Biden Secularizes the EEOC | The American Spectator | USA News and Politics
Biden Secularizes the EEOC
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Former EEOC counsel Sharon Gustafson responds to Sen. Tim Kaine at nomination hearing, April 10, 2018 (YouTube screenshot)

One of the starkest examples of secularism during the Obama–Biden administration was the Supreme Court case Hosanna-Tabor Evangelical Lutheran Church and School v. EEOC. Arguing before the high court, Leondra Kruger, the lawyer for the Equal Employment Opportunity Commission (EEOC), asserted that the government was entitled to tell a Lutheran church to rehire a teacher/minister to its school.

Affiliated with the Missouri Synod of the Lutheran Church, the school had conferred on the teacher the title “Minister of Religion.” The school fired her after she violated the rules of the church by threatening to sue it under the American with Disabilities Act. This prompted the teacher to file a complaint with the EEOC, which demanded that the church hire her back.

In 2011, the Supreme Court took the case up and concluded that the EEOC had defied what federal courts have long recognized: a “ministerial exception” to federal employee laws, the exception covering, among others, rabbis, priests, and Protestant ministers subject to religious authority.

The Supreme Court’s handling of the case included a notable rebuke to the secularism of the Obama–Biden administration. Even Elena Kagan, Obama’s former solicitor general, found the EEOC’s position preposterous. She asked the EEOC’s lawyer, “Do you believe, Ms. Kruger, that a church has a right that is grounded in the Free Exercise Clause and/or the Establishment Clause to institutional autonomy with respect to its employees?” Kruger responded, “We do not see that line of church autonomy principles in the Religion Clause jurisprudence as such.” Kagan replied that she found it “amazing that you think that the Free — neither the Free Exercise Clause nor the Establishment Clause has anything to say about a church’s relationship with its own employees.”

The EEOC was in effect arguing that the government has the right to dictate to churches which ministers they can hire and fire. The argument was so weak that the Supreme Court struck it down 9 to 0 in January 2012.

Joe Biden clearly longs for a return to those days of an utterly secularized EEOC. He recently fired the Trump-appointed EEOC counsel, Sharon Gustafson, who is known for her defense of religious liberty. She had two years or so left on her Senate-confirmed term. Mark Joseph Stern of Slate applauded Biden for firing her, casting Gustafson as an impediment to his secularist agenda:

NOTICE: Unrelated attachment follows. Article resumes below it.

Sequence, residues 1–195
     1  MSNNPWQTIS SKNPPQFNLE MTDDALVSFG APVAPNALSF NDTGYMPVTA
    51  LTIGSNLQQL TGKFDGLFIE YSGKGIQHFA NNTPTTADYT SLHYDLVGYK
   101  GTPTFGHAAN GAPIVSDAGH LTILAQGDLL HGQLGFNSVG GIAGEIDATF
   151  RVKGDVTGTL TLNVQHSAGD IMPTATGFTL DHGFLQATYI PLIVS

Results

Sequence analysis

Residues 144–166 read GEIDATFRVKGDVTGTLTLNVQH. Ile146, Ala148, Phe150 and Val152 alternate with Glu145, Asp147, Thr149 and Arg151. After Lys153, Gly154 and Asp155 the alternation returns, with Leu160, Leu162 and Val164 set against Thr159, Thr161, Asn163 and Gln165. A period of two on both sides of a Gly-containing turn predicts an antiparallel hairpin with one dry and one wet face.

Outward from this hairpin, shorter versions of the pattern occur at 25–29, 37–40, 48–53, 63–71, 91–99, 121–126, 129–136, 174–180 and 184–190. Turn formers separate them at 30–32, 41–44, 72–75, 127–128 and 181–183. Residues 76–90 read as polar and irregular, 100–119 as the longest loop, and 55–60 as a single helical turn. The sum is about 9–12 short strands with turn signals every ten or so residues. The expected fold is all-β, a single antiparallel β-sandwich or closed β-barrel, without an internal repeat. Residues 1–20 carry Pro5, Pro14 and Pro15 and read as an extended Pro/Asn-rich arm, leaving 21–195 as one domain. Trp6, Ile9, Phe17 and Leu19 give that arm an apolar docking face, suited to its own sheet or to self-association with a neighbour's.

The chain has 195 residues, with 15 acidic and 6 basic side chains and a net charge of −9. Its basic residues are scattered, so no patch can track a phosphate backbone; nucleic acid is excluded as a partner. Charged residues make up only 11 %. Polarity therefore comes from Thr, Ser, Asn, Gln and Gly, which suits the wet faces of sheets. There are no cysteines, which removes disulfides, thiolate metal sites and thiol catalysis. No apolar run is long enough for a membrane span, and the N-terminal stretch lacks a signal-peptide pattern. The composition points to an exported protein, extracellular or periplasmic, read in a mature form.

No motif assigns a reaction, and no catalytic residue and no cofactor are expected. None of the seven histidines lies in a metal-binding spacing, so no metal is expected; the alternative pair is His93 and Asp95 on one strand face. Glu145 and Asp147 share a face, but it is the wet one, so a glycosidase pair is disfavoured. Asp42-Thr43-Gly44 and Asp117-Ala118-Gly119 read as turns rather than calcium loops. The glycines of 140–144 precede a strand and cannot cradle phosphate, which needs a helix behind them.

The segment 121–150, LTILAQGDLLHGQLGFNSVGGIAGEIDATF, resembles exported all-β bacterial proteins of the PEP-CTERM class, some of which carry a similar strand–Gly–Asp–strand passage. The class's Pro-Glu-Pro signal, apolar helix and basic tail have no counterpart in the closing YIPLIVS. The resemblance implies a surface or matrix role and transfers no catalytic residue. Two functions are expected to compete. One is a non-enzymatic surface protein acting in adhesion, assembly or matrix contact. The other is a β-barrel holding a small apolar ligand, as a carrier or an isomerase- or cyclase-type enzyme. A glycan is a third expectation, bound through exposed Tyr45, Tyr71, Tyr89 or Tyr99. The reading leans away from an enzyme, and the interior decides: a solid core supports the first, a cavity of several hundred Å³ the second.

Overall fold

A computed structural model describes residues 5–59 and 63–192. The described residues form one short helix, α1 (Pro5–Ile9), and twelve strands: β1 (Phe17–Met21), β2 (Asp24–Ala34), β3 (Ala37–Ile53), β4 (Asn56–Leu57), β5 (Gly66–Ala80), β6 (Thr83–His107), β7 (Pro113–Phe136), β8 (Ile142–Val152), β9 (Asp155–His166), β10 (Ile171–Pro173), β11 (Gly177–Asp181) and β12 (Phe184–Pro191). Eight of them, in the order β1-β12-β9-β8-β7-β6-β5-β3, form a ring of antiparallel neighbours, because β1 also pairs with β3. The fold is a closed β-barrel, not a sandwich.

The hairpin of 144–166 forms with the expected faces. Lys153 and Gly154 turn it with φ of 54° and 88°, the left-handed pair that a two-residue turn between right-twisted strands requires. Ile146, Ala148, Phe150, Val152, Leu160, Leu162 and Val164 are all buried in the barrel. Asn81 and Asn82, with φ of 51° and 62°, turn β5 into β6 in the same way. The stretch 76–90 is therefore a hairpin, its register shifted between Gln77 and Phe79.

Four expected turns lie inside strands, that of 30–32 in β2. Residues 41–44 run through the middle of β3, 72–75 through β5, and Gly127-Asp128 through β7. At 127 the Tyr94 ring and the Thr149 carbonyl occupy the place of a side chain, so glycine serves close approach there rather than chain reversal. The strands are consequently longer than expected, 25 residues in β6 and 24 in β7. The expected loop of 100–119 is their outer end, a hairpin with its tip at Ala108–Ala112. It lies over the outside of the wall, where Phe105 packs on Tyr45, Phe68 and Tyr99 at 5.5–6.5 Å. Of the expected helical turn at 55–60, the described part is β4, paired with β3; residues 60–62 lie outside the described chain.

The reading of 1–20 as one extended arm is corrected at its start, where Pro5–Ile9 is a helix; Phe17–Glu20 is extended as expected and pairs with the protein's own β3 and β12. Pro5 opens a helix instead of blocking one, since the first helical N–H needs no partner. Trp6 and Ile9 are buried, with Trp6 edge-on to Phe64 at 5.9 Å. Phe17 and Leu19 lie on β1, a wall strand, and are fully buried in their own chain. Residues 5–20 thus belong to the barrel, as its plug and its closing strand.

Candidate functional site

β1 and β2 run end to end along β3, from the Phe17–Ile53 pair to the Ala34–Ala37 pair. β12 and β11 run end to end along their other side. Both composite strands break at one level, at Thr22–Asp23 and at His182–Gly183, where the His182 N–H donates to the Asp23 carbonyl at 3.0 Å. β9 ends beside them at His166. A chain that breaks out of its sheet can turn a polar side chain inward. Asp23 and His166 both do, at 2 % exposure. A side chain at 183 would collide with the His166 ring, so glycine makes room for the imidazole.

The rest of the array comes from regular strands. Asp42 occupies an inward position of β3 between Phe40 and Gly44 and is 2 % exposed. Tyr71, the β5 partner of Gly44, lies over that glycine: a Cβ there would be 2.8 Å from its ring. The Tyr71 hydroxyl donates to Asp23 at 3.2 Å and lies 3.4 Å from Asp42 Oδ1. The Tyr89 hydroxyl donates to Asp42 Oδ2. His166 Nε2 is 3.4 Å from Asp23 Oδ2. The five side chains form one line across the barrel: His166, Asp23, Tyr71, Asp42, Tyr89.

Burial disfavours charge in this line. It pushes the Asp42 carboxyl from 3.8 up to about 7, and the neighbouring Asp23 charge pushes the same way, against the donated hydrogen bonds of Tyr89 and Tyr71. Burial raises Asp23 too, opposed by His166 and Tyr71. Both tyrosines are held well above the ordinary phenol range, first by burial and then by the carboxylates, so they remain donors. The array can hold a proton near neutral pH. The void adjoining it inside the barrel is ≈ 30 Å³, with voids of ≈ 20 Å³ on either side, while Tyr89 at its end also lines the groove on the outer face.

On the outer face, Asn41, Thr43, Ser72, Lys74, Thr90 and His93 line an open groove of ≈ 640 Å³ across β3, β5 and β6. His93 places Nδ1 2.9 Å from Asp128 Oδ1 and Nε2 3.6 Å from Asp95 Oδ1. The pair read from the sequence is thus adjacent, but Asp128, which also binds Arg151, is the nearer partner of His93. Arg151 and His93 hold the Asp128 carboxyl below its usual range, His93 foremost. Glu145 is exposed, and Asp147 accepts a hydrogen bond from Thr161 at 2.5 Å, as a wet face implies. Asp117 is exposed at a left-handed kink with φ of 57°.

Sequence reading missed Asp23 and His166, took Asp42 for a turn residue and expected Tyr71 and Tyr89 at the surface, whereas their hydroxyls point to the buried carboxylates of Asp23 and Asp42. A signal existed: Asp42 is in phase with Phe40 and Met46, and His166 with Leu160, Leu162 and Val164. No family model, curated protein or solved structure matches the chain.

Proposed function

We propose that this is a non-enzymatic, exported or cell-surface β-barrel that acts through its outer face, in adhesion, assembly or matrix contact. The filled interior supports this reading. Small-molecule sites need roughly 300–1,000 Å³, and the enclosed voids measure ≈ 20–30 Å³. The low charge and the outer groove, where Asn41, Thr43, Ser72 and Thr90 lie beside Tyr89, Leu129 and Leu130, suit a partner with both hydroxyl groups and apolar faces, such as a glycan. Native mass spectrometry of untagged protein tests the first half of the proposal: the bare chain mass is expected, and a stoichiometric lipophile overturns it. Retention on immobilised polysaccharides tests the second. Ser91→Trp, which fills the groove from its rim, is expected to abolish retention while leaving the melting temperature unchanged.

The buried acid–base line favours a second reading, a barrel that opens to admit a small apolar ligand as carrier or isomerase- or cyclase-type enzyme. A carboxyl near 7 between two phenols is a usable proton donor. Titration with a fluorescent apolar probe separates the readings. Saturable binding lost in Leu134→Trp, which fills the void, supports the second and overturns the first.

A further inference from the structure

A staunch abortion opponent, Gustafson seemed more interested in quintessential “culture war” cases that involved Christian employees demanding a right to discriminate. Two current employees of the EEOC told me that she directed attorneys to “find me” a case involving a religious hospital that was penalized for refusing to perform an abortion—so she could weigh in on the side of the hospital. And she took the highly unusual step of supporting employers seeking a “ministerial exception” from civil rights law to discriminate against workers who did not share their faiths.

Gustafson also expressed discomfort with LGBTQ rights, even after the Supreme Court affirmed the EEOC’s long-standing position that the Civil Rights Act bars workplace discrimination against gay and transgender employees in 2020’s Bostock v. Clayton County. At an agencywide meeting after Bostock came down, career staff celebrated a triumph years in the making. Afterward, a current EEOC attorney told me, Gustafson delivered a brief address in which she downplayed the victory and defended those who disagreed with the decision. Shortly before Trump left office, the EEOC also pushed out a new “compliance manual on religious discrimination” that was produced at record speed with virtually no public input. The manual, which Gustafson helped draft, strongly suggested that religious employers hold a right to discriminate against LGBTQ people in the workplace on the basis of their beliefs. Dozens of civil rights groups filed objections to the manual, pointing out that it would dramatically undermine civil rights law. The EEOC appears to have ignored their protests and adopted the manual on Jan. 15.

With Gustafson gone, Biden can now use the EEOC as the tip on his secularist spear. Chai Feldblum, a former EEOC commissioner who worked on Biden’s transition team, said, “Protecting one group’s identity may, at times, require that we burden others’ belief liberty.” That is the Biden policy in a nutshell. It turns the First Amendment on its head. Though it was established as a protection for the religious, Biden views it as a protection against the religious. He has spoken of the limits of religious freedom, which means simply that he intends to suppress religious freedom wherever it conflicts with the goals of liberalism.

George Neumayr
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George Neumayr, a senior editor at The American Spectator, is author most recently of The Biden Deception: Moderate, Opportunist, or the Democrats' Crypto-Socialist?
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